Tax Tips: Selling your home

If you sell your personal residence and you make a profit, you may not have to pay taxes on all or part of it. You don't have to pay tax on the capital gain of up to $250,000 per spouse, provided that you pass certain tests.

You must have owned the house for at least two out of the last five years. You also must have lived in the house for at least two of the last five years. If you don't fully meet both of these tests, you might still be able to get out of paying tax on at least part of the profit from the sale if you had to sell the house because of a change in place of employment, divorce, natural disaster, or certain other unforeseen circumstances.

More information about the tax reporting rules for the sale of your home can be found in IRS Publication 523, Selling Your Home.

Tracy L. Coenen, CPA, MBA, CFE performs fraud examinations and financial investigations for her company Sequence Inc. Forensic Accounting, and is the author of Essentials of Corporate Fraud.

Your resource on tax filing
Tax season is here! Check out the Tax Center on AOL Finance for all the tips and tools you need to maximize your return.
What is a Schedule K-1 Tax Form?
The Schedule K-1 is slightly different depending on whether it comes from a trust, partnership or S corporation. Find out how to use this tax form to accurately report your information on your tax return.
Read MoreBrought to you byTurboTax.com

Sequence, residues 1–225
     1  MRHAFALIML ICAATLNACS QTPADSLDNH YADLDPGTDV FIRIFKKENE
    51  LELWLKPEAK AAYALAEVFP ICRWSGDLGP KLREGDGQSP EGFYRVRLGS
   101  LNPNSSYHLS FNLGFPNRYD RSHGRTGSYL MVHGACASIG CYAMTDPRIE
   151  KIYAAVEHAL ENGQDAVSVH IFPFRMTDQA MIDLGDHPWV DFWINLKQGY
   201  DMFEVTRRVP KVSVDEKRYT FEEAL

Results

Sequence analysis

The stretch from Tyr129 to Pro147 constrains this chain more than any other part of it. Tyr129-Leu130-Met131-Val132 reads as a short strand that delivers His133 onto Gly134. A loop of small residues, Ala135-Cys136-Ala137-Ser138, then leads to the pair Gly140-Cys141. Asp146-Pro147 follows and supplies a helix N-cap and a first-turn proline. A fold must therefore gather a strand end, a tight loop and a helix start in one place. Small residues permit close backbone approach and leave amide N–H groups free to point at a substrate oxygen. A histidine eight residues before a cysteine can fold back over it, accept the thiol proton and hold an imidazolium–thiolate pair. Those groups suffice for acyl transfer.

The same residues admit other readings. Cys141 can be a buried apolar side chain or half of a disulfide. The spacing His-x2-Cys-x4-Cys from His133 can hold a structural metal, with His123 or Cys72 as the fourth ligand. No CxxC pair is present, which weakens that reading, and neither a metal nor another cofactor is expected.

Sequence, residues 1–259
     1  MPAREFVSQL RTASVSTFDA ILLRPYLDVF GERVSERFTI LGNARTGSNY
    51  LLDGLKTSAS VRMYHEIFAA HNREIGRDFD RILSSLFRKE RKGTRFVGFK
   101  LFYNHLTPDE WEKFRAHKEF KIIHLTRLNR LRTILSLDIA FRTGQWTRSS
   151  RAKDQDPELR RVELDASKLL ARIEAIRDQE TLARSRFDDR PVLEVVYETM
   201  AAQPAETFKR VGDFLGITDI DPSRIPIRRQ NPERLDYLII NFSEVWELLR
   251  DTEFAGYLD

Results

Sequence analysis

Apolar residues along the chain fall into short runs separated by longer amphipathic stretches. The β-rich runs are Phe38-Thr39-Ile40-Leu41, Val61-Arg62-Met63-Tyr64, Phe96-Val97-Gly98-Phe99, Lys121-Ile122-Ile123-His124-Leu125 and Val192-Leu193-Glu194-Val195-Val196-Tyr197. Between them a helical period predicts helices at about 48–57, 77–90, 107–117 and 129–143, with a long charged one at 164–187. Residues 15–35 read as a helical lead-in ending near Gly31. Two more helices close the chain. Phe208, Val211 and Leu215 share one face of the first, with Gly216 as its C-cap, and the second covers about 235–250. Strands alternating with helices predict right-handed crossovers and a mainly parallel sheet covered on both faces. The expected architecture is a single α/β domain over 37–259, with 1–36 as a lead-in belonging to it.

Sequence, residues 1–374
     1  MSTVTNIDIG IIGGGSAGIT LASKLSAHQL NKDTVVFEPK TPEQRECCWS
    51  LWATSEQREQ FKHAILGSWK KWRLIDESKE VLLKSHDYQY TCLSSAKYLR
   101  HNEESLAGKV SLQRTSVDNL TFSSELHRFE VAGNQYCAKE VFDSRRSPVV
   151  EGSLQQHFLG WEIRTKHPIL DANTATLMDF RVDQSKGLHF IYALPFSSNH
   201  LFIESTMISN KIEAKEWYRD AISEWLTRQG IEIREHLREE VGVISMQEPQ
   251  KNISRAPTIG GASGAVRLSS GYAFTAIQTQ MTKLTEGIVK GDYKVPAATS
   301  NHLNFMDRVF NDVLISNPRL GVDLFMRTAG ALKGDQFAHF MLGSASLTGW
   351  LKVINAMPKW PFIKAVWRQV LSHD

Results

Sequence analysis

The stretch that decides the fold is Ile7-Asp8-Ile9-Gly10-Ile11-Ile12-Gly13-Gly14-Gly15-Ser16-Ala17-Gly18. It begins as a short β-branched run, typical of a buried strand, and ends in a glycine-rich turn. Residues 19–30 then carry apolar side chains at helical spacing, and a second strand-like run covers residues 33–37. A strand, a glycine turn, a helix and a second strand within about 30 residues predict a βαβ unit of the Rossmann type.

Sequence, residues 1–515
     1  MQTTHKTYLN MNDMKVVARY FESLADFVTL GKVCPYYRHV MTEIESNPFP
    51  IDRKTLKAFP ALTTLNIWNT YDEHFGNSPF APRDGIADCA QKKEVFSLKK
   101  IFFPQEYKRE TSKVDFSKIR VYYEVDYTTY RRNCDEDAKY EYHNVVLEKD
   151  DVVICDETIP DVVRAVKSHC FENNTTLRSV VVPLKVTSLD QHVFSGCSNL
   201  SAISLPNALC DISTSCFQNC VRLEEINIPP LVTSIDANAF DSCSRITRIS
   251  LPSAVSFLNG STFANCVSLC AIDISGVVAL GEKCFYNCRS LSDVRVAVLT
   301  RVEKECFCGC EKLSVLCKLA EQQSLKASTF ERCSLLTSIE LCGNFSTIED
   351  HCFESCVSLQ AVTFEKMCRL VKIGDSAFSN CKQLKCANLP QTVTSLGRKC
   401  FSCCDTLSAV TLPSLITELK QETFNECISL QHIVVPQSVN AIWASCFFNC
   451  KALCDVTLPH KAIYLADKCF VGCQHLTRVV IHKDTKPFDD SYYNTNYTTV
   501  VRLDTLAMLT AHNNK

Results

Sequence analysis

Business Use of Vehicles
If you use vehicles in your small business, how and when you deduct for the business use of those vehicles can have significant tax implications. It pays to learn the nuances of mileage deductions, buying versus leasing and depreciation of vehicles. Special rules for business vehicles can deliver healthy tax savings.
Read MoreBrought to you byTurboTax.com
How to Change Your Tax Filing Status
Choosing your filing status is an important first step for preparing your federal tax return. Your filing status determines your standard deduction, tax rates and brackets.
Read MoreBrought to you byTurboTax.com
A Guide to Self-Employment Taxes for Contractors, Freelancers, and Beyond [Infographic]
If you work for yourself and don't call anyone your boss, you're likely self-employed. This carries advantages, like not having a manager and deciding your own hours. But it also comes with trade-offs, like paying the self-employment tax and paying for your own employee benefits.
Read MoreBrought to you byTurboTax.com